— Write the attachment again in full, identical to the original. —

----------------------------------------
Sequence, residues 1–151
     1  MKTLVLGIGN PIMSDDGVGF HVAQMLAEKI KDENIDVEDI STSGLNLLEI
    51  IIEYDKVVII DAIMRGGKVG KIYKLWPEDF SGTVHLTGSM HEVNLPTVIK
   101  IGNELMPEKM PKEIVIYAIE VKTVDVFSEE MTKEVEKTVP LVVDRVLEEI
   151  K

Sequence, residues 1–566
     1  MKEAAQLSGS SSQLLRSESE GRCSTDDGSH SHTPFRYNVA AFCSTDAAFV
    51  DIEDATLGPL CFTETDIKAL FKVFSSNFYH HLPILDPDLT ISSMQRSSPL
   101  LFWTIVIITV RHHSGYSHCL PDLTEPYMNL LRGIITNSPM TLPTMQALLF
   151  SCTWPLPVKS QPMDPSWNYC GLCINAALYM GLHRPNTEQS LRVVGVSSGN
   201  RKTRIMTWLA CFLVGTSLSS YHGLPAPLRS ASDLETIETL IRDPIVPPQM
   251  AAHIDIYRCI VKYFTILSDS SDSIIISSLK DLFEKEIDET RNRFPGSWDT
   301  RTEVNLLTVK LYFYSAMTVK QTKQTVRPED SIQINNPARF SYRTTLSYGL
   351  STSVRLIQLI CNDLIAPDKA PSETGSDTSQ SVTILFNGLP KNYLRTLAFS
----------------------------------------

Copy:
Sequence, residues 1–151
     1  MKTLVLGIGN PIMSDDGVGF HVAQMLAEKI KDENIDVEDI STSGLNLLEI
    51  IIEYDKVVII DAIMRGGKVG KIYKLWPEDF SGTVHLTGSM HEVNLPTVIK
   101  IGNELMPEKM PKEIVIYAIE VKTVDVFSEE MTKEVEKTVP LVVDRVLEEI
   151  K

Sequence, residues 1–566
     1  MKEAAQLSGS SSQLLRSESE GRCSTDDGSH SHTPFRYNVA AFCSTDAAFV
    51  DIEDATLGPL CFTETDIKAL FKVFSSNFYH HLPILDPDLT ISSMQRSSPL
   101  LFWTIVIITV RHHSGYSHCL PDLTEPYMNL LRGIITNSPM TLPTMQALLF
   151  SCTWPLPVKS QPMDPSWNYC GLCINAALYM GLHRPNTEQS LRVVGVSSGN
   201  RKTRIMTWLA CFLVGTSLSS YHGLPAPLRS ASDLETIETL IRDPIVPPQM
   251  AAHIDIYRCI VKYFTILSDS SDSIIISSLK DLFEKEIDET RNRFPGSWDT
   301  RTEVNLLTVK LYFYSAMTVK QTKQTVRPED SIQINNPARF SYRTTLSYGL
   351  STSVRLIQLI CNDLIAPDKA PSETGSDTSQ SVTILFNGLP KNYLRTLAFS